I have been blown away by the quality of my student's questions and how well they really do grasp even the most complex topics. To be honest, I have seen some questions that are so much harder and deeper than I would ever think of asking them on my own - from eighth graders!

You can gain so much insight into the mind of a person if you simply analyze what kind of questions they ask. I must say that I am a believer that if we can teach our students how to process information instead of just memorizing it, they are going to go so much further in life.

The purpose of school really is to learn how to ask the right questions...


Anonymous said...

Wow, what an astoundingly good idea! Listen, with all due respect to you and your professor, I hope you don't mind if I steal this idea and use it in my classes. I think it's a fantastic notion and I love the fact that it teaches independent habits of mind and the ability to do more than regurgitate. Thank you again; it's been an inspiring blog read.

Adso of Melk

Allison said...

---Think about it, whenever anybody studies for a test we always try and come up with possible questions in our head that we think will be on the test and then try to come up with answers for them.

Actually, no this is NOT WHAT ANYBODY DOES. This is HIGHLY unusual for anyone to do below college level, and even then, most college students don't know how to do it.

I didn't even learn to try and study for a test this way until college.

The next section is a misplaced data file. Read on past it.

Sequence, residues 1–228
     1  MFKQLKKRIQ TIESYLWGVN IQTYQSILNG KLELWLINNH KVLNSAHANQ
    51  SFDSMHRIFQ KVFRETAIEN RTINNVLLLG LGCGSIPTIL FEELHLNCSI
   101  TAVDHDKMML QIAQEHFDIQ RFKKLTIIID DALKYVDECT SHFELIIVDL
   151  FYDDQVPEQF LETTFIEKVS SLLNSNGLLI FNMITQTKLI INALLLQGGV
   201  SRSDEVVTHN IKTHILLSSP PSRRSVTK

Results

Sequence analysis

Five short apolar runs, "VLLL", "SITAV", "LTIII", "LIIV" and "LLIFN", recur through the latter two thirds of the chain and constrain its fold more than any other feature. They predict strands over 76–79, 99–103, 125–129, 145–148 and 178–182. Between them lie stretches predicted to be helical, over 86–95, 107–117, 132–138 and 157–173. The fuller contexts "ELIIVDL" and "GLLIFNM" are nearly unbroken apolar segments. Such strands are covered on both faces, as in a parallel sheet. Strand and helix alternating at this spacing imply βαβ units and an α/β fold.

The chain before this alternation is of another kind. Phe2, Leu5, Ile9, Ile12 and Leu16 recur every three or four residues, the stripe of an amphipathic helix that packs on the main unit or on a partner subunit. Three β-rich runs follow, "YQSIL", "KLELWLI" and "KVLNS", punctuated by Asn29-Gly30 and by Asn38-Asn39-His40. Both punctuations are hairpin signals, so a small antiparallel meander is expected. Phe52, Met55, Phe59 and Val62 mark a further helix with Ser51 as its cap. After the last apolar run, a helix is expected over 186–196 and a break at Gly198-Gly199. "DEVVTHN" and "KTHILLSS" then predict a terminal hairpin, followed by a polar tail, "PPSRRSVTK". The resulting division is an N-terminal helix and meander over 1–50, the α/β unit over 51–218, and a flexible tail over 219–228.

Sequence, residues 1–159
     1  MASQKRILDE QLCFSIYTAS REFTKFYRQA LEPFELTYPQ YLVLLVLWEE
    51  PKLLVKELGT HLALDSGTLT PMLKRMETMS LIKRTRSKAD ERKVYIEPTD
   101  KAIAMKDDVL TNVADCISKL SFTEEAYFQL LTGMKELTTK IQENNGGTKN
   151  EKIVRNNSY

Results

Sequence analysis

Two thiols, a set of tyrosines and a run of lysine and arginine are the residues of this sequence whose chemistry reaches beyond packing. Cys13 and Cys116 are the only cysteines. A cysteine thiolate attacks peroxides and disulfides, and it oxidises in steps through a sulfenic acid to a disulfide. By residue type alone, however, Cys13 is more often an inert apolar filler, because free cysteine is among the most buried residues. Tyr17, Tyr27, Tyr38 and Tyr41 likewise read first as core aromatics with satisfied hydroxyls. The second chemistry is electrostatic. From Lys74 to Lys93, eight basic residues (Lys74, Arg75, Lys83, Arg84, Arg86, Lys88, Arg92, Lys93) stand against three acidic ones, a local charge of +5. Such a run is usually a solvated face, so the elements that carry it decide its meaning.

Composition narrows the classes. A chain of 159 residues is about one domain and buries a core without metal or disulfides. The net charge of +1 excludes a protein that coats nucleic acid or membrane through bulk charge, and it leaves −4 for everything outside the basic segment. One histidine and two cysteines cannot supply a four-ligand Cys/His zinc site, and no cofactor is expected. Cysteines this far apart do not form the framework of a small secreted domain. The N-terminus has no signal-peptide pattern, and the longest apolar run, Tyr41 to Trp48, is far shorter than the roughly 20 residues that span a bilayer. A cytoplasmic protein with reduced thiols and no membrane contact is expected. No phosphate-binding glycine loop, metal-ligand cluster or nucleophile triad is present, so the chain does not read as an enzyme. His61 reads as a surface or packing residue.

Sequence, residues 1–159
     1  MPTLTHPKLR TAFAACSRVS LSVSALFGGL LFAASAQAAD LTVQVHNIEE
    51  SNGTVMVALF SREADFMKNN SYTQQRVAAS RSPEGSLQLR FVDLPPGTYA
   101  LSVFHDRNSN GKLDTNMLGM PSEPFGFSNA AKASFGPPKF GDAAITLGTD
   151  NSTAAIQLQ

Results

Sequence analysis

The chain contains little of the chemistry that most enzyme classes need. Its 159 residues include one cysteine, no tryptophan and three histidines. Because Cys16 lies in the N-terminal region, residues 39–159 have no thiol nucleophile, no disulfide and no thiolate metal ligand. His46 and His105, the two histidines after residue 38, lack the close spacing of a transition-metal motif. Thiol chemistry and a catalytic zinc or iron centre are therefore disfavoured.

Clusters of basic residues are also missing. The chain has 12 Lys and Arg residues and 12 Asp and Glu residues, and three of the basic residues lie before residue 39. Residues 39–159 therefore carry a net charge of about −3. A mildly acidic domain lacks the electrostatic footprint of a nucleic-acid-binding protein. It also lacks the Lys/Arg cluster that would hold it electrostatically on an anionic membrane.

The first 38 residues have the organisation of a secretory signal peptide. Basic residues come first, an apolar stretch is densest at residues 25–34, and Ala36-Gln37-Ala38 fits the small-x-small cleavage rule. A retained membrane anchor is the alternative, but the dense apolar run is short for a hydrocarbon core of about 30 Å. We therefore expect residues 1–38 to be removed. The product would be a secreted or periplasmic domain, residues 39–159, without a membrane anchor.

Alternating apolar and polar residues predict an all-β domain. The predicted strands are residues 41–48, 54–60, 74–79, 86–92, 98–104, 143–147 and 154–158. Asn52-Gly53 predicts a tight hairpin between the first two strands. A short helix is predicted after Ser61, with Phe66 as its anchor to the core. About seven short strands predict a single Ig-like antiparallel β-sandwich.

This point that is so obvious to you is one of the Greatest Overlooked Habits about studying and test taking. You should make it EXPLICIT to all of your students NOW so that by the time they are in college, they too know exactly how to study for a test.

Really. It's not at all how most people learned to "study". Don't take it for granted.

the teacher said...


I am sorry to hear that you feel that most people do not study like this because I have found that many - not all but a good chunk - of my 8th graders do study this way because they quickly learn this is the only way to do well on tests that are all higher level essay questions. And another part of this is that I do have extremely high expectations for my students. As most research points to, students tend to work to the expectations that they are held to so that is why I love this whole concept of teaching them to ask good questions.

I really do not look at my self as an 8th grade science teacher but rather somebody who teaches kids to be better students and how to love to learn - and I just so happen to do that with science as a backdrop. Pretty much everything I teach at the 8th grade level is going to be covered again in high school so I like to use my time to get my students to be the best high school students possible.